Indya Moore Is "Happy and Shocked" by News of Uterus Transplant For Transgender Woman

Indya Moore is one step closer to fulfilling their "instinctive desire" to carry a child. After hearing that a surgeon in India is planning to transplant a donated uterus into a transgender woman, the "Pose" actor took to Instagram to share their excitement and feelings of possibility.

"I remember when i was 17 or 18 I had a dream I had just given birth. i remember holding my baby. Psychologically, my mind has always been wired to perceive my body's capabilities and capacity for childbirth," they wrote in the post. Moore also wrote about their experience being ostracized in school and as an adult for being a "gender variant woman."

Through all of that, Moore's desire to have a child remained. "Ive always had a very strong instinctive desire, to not just raise a child, but to carry one- throughout my girlhood in my trans youth, & also now. (just want to be clear that the desire to carry a child has nothing to do necessarily with my gender identity. Womanhood =/= childbirth)," they wrote.

Reading the news made Moore feel emotional: "I've always said, I'd risk my life to bring one [a child] into this world- as ludicrous as it seems Not being able to was self loathing. I'm so happy & shocked to discover this news. Trans women, are just another group of women who cannot give birth, yet, still are women. This news is beyond."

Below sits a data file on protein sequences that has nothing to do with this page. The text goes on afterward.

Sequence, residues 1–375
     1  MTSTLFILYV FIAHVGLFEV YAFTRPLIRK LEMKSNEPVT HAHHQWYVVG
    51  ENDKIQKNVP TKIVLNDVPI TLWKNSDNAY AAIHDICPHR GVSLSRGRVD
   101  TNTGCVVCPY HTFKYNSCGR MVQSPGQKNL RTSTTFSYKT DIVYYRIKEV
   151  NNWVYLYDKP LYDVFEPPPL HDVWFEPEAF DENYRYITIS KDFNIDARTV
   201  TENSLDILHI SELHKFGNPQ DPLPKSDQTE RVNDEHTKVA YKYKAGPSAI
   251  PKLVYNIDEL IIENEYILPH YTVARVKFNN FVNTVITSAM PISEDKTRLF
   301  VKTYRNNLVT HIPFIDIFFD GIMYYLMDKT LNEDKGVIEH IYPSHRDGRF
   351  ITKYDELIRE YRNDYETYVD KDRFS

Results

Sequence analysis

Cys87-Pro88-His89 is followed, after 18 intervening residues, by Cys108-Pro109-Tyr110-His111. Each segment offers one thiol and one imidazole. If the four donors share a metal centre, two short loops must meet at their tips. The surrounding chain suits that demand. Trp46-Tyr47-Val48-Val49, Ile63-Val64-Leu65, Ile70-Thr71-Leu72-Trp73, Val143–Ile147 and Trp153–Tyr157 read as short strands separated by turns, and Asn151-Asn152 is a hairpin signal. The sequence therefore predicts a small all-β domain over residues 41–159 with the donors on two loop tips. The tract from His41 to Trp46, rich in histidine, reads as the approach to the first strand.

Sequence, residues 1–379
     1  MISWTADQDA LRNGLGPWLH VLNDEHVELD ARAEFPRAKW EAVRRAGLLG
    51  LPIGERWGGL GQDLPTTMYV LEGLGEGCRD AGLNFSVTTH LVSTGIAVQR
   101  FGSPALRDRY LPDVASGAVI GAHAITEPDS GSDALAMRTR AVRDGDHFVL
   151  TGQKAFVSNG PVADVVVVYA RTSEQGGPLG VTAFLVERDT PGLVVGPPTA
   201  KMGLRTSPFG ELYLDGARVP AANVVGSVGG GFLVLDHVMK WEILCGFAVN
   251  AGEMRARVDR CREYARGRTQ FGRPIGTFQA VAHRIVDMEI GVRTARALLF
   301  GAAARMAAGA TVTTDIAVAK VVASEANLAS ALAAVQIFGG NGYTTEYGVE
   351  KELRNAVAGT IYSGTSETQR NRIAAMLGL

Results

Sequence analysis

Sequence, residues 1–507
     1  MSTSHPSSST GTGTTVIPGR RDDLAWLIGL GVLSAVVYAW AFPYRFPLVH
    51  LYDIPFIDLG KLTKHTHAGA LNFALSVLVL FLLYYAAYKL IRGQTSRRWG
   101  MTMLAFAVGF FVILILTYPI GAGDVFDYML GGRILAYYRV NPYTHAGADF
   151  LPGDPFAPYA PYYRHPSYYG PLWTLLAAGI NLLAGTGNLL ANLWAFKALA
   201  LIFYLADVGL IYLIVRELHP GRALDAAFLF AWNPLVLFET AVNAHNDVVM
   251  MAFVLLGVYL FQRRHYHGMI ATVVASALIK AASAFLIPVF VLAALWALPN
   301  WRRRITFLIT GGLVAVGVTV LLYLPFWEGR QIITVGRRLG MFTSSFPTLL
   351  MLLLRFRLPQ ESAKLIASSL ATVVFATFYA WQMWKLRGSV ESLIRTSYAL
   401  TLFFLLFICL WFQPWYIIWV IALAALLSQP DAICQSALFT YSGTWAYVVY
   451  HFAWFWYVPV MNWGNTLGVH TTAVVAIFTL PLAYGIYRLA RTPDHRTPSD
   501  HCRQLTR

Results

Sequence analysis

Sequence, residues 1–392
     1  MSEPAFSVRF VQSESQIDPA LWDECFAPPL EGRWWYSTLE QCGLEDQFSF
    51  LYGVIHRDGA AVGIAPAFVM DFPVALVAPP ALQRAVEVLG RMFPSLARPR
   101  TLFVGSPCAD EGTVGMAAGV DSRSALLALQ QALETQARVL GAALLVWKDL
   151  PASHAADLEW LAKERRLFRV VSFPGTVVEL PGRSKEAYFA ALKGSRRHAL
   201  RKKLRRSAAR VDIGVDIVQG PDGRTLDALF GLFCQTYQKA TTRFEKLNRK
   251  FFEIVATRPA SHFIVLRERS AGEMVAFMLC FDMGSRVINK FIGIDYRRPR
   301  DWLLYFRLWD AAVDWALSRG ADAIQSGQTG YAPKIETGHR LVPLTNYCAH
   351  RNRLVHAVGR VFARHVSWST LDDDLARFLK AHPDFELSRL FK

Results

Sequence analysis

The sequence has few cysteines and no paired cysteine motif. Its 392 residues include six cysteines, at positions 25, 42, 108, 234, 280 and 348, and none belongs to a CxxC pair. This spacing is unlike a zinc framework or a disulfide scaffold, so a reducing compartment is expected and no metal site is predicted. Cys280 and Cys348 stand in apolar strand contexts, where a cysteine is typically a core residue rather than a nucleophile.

This isn't the first time that a trans woman has attempted to undergo uterus transplant surgery. A Danish painter and trans woman named Lili Elbe (the subject of the film The Danish Girl) received the first known uterus transplant in 1931 but died from organ-rejection complications three months later. Uterus transplants in cisgender women have been successful since then, with the first one taking place in 2014 in Sweden. As of 2020, roughly 100 uterus transplants have been performed in the world, including 30 in the US.

Narendra Kaushik, MD — the doctor in New Delhi, India, who's expected to perform the upcoming uterus transplant on a transgender woman — is hopeful about the surgery. "This is the future," he said in an interview with "Mirror." While the surgery date hasn't yet been announced, Dr. Kaushik said, "We have our plans, and we are very very optimistic about this."

If the operation is successful, it will hopefully spur more hospitals and medical centers in the US to expand their research and make this surgery a possibility for more trans woman. "If my body can handle it, & with the right medical research and support I would absolutely volunteer to be a candidate for this procedure," Moore closed out their Instagram post. We're keeping our fingers crossed for you, Indya!